The Thanksgiving Day Stuffing Face Off

This post was written by a dear friend of mine, who perfectly captures the madness and mayhem of a very large family Thanksgiving dinner. I found it touching and silly, and I loved every word. I have no family, so this is something I have never experienced. Thanks for sharing it, Miguel. I hope you don’t mind if I added a bit of my own commentary in appropriate places.

The Thanksgiving Day Stuffing Face Off

Some facts may have been changed to make it funnier:

I think there were 30 people there. Talk about a blended family! My mom got sick on Weds. night, so she had to give instructions to my niece on how to finish the stuffing. I woke up at 6:30 a.m. to find her in the kitchen trying to move these huge pots around with my mom yelling out instructions from her bedroom. “If it is not moist enough, add some chicken broth!”

Chicken broth? You didn’t buy any stinking chicken broth!! Of course, Uncle Miguel has everything. I found the box of Trader Joe’s organic chicken broth that I had purchased to make won ton soup, but everyone had eaten the won tons before I was able to make the soup.

We finished up the stuffing and my niece drove a huge Ziplock bag of stuffing to her mother’s house (my little sister), where we were going to actually eat dinner, and where they were making 2 turkeys; one 26lb and one 19lb turkey. The big turkey was stuffed with my brother-in-law’s mother’s stuffing, and the other with my grandmother’s stuffing. It was the night of the dueling stuffing (play The Good, the Bad and the Ugly theme here, or maybe Dueling Banjos.)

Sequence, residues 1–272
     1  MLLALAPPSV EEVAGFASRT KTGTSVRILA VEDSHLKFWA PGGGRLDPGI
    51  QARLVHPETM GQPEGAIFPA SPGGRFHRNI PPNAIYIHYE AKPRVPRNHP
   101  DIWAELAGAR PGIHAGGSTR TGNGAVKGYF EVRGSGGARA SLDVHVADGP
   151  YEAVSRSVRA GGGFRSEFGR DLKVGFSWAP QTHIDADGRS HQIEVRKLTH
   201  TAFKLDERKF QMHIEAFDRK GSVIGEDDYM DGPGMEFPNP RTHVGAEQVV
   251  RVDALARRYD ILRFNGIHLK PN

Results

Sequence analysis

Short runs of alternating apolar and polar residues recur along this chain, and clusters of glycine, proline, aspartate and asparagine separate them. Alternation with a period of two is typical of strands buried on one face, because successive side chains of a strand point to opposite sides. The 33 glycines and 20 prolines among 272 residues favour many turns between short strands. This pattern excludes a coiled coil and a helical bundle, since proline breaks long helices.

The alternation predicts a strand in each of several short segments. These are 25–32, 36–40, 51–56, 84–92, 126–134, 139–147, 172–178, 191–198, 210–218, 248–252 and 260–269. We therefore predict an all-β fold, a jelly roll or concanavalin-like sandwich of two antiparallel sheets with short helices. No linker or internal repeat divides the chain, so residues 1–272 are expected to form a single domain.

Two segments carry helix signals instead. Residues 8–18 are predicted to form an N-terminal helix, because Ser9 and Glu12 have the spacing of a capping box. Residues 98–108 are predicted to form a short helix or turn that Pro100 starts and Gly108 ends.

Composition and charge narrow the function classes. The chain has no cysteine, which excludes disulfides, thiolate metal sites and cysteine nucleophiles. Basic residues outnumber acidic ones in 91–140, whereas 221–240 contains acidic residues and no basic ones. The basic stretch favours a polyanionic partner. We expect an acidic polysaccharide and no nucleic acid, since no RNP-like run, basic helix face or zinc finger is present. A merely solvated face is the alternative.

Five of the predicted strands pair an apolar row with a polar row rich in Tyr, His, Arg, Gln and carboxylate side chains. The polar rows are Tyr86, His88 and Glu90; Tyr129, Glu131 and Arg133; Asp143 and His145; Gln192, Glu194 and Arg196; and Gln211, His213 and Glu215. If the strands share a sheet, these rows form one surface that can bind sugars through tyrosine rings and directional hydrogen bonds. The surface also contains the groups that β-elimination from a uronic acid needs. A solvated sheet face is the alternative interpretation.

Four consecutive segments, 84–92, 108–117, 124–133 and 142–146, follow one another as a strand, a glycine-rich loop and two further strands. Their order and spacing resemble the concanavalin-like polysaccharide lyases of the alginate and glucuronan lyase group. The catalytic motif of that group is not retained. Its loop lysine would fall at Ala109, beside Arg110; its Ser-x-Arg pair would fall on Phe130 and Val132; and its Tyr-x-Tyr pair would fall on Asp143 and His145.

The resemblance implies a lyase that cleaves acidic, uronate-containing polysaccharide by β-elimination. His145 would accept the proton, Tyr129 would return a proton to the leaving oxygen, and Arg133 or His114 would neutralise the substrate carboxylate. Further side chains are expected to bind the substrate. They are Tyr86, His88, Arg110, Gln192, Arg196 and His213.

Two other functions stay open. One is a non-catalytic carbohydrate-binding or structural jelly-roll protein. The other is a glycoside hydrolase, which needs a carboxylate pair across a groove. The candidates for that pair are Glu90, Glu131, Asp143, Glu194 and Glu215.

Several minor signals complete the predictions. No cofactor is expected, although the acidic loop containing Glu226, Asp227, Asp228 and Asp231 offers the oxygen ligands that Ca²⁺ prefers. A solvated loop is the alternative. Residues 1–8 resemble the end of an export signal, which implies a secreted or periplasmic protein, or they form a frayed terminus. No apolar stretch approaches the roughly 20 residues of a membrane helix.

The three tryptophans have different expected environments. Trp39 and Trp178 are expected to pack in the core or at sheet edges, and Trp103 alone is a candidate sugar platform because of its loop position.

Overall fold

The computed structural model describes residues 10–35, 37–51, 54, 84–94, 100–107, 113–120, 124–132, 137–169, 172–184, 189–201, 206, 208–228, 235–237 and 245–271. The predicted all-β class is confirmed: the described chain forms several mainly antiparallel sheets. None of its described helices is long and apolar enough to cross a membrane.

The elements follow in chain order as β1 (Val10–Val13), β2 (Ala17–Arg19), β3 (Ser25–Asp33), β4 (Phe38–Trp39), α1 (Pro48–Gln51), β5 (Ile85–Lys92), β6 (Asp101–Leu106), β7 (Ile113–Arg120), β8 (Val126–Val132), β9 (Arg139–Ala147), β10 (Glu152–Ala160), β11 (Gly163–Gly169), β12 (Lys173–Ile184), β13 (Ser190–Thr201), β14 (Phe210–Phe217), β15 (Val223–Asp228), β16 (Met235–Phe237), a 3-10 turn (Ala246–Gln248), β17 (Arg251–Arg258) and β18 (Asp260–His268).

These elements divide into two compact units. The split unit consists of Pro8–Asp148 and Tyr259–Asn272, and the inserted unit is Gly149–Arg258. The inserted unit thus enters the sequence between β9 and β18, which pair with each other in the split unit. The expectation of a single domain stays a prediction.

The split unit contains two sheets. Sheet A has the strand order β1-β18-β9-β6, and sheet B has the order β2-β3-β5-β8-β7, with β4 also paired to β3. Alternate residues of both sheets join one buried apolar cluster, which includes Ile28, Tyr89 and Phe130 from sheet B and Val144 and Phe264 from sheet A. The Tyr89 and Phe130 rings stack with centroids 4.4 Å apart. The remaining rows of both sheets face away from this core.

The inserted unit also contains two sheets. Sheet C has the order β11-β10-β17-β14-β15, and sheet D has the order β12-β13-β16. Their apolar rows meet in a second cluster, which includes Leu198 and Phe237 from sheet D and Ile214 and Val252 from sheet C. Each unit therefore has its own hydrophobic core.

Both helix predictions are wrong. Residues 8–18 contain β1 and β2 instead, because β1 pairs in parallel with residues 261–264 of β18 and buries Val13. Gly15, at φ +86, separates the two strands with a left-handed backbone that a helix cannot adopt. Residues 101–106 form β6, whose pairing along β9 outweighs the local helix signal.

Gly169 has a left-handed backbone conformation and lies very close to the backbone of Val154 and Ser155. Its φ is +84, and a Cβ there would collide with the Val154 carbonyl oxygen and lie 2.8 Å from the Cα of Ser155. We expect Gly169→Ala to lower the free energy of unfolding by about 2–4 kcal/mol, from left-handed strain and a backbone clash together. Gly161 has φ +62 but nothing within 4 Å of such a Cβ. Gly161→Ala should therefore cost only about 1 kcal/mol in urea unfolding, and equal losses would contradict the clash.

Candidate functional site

Later that afternoon I placed a spiral cut ham in the oven and made my now famous “Boston Market” creamed spinach. I usually make way too much creamed spinach, so I cut down on what I made this year and didn’t make my green beans almondine, which usually ends up being an orphan vegetable. I had only made them in the past because it is one of three vegetable dishes my brother will eat:  corn, creamed spinach, and the green beans. Of course, all of the butter which needs to be poured over these vegetables totally negates any nutritional value they might have had. (Paula Deen would totally approve.)

I also made cranberry sauce from fresh cranberries. If I had known how easy it is to make real cranberry sauce, we wouldn’t have been eating for years that stuff that comes out of a can where you can still see the cans ridges as it sits on the table.

I packed my car up with the food I cooked and headed over to my sister’s, arriving just in time to put the corn on the stove and start carving the turkey. It turned out my sister didn’t know how to make gravy using the turkey drippings. A short non-lumpy gravy cooking lesson ensued.

Finally, everything was ready, set out buffet style, and people started shuffling through the small kitchen like the orphans in Oliver Twist, only these people didn’t have to ASK for more. The piles of mashed potatoes reminded me of driving to Disneyland and seeing the Matterhorn like beacon in the distance. If anyone in the SF Valley hadn’t eaten that night they could have found their way to my sister’s house by following the multiple mash potato summits.

I kept carving and people kept coming. I would fill a plate with dark and white meat, place it for those to serve themselves, then start filling up another plate. By the time I finally got to eat the massacre was almost complete.

The final toll: 1 and 1/2 turkeys, one 9lb spiral cut honey glazed ham, 15lbs of mashed potatoes, 4lbs of corn, about 5lbs of creamed spinach, four dozen buns, and 14lbs of my grandmother’s stuffing. Gone. All gone. It was wonderful that everyone enjoyed the food so much that they wrecked it, but still there was the small tinge of regret of lost “day after” turkey, stuffing and creamed spinach sandwiches.

All that remained was 1/2 of the smaller turkey and the “other” stuffing, which lay almost untouched, eaten only by a few brave souls and the son who grew up with his mother’s recipe. I gave my condolences to my brother-in-law, but he knew it was a hollow gesture.

My grandmother may be gone now, but her recipes will live on inside of us. No, really – literally inside of us.

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